5 Nov, 13 | by BMJ
It’s a long way to go from Bristol to Boston for a conference, but I’m adding to my carbon footprint and attending the 141st American Public Health association meeting. It’s an enormous meeting. Despite some tough times in the US local public health departments, 13 000 people are making this meeting, yet again, the biggest public health gathering in the world.
The APHA has a track record of attracting high profile speakers to its opening session. The highlight of the 2012 opening was a tour de force by the Democrat House of Representatives leader, Nancy Pelosi. That was always going be tough act to follow. The audience at the 2013 opening session was captivated not by a high profile American politician, a movie star or novelist, but by an English public health academic. Those of us who have heard Sir Michael Marmot speak at conferences over the past years have come to know what to expect. His contribution in respect of the social determinants of health is truly outstanding and is of global significance. His impeccably measured, intellectual, and analytical presentations have convinced world leaders and policy makers to take health equity seriously. We all expected more of the same.
But this time what we got wasn’t the Michael Marmot we expected. There was an outpouring of passion, anger, and steely commitment that gripped and shook his enormous audience. With his very first words he invited members of his audience to look along the row and count ten women. He contrasted the one in every ten women who die from a maternal related condition in Afghanistan, with the one in 46 500 women who die of the same cause in some of the most prosperous European countries. Marmot deemed it an entirely unnecessary and preventable toll of lives. He went on to state that a toxic combination of poorer social policies and programmes, unfair economic arrangements, and bad governance is responsible for most of the health inequities that we see.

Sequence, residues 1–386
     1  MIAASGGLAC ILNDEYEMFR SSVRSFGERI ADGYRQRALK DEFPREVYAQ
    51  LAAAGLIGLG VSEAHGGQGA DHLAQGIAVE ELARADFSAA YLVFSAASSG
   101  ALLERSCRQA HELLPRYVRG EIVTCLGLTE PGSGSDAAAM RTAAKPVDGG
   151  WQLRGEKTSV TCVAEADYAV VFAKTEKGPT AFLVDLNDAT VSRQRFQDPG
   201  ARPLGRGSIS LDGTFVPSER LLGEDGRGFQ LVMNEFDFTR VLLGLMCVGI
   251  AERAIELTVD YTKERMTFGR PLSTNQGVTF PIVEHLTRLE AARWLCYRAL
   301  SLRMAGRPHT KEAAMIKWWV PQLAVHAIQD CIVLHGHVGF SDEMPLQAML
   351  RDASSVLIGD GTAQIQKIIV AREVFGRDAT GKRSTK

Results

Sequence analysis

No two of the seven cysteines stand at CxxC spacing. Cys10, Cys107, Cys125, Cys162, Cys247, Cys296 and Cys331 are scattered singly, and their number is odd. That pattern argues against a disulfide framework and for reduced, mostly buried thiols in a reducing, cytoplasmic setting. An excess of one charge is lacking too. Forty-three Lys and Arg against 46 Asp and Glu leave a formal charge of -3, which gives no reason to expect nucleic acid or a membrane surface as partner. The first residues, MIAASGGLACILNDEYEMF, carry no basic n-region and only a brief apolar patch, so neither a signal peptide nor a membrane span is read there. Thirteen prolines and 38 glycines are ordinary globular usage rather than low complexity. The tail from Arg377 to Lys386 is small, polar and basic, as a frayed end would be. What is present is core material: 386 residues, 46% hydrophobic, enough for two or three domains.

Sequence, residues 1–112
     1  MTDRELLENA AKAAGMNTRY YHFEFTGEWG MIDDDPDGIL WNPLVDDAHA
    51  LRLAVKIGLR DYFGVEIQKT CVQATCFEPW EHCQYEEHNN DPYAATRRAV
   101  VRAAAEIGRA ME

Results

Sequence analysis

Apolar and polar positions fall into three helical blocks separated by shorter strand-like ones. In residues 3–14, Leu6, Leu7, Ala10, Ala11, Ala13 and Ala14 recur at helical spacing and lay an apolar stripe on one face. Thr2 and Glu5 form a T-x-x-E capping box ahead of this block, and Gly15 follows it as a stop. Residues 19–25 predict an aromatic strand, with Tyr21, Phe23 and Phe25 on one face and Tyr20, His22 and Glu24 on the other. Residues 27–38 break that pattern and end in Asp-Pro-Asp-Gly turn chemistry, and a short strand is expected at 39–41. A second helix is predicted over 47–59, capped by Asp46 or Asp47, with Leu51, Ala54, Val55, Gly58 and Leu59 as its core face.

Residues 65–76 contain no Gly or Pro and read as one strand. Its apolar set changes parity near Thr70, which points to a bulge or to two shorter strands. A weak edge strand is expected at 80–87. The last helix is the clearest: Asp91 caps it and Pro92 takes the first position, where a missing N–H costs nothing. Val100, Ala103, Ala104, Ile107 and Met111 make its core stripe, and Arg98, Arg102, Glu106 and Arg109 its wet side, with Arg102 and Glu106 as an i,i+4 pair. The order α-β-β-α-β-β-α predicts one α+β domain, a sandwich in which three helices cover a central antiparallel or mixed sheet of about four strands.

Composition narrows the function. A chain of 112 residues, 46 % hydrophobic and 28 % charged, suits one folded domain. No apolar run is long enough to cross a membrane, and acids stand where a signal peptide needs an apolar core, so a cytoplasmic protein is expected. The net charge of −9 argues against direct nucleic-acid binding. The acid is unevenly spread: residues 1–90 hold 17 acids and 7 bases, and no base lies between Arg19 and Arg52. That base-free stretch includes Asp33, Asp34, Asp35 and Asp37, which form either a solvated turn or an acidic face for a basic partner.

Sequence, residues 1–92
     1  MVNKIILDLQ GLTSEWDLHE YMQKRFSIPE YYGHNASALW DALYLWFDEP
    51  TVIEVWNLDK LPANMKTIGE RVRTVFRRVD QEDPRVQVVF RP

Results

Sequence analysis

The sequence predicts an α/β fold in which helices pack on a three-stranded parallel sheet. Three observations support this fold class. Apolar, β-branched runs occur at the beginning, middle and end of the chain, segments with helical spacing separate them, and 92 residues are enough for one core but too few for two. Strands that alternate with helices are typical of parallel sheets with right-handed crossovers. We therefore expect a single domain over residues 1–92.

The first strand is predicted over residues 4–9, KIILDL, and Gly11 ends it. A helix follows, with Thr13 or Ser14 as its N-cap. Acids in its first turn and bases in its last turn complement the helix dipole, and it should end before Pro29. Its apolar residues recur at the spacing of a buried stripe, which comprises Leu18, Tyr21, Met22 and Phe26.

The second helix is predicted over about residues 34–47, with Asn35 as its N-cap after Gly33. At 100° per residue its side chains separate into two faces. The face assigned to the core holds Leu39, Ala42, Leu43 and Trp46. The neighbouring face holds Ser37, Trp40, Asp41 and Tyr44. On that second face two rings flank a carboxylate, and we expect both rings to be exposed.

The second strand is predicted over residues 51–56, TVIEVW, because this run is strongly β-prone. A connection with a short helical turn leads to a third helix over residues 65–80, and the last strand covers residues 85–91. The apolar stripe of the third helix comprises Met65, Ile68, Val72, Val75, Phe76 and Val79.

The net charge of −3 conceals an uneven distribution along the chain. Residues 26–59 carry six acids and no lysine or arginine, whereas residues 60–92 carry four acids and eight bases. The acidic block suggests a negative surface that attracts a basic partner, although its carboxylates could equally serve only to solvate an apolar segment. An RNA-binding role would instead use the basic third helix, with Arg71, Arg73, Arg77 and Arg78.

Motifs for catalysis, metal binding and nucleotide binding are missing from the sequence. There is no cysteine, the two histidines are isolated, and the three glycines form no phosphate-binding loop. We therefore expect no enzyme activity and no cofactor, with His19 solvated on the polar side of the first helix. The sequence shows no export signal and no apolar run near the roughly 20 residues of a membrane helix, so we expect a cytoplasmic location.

In the most compelling section of his address he turned his fire squarely and accurately on the British government. Explaining that he had put the concept of “fairness” at the centre of his prescription to improve health and reduce health inequalities, he expressed slight regret about the terminology. The precise words of his next remarks were: “The government in Britain that we have now, the Conservative led coalition government, uses the word ‘fairness’ as if it has no meaning at all. They cut the top rate of tax—and they call it fair. They cut benefits to the poor—and they call it fair. They cut services to the disadvantaged—and they call it fair. I call it a grotesque parody of fairness!”
Not surprisingly, his passionate defence of the poor and castigation of the British government were the main topic of conversation for the rest of the day. Seeking to explain what we had experienced I though back to Thomas Paine, the 18th century Englishman and American revolutionary, who wrote, “These are the times that try men’s souls.” After Michael Marmot’s speech in Boston we know there is at least one more man whose soul has been sorely tried and who isn’t afraid to speak out plainly and fearlessly in defence of civilisation and humanity.
Gabriel Scally is professor of public health and planning at the University of the West of England and director of the WHO Collaborating Centre for Healthy Urban Environments.
Competing interests: The author has completed the ICMJE uniform disclosure form at www.icmje.org/coi_disclosure.pdf and declares: no support from any organisation for the submitted work; no financial relationships with any organisations that might have an interest in the submitted work in the previous three years; no other relationships or activities that could appear to have influenced the submitted work.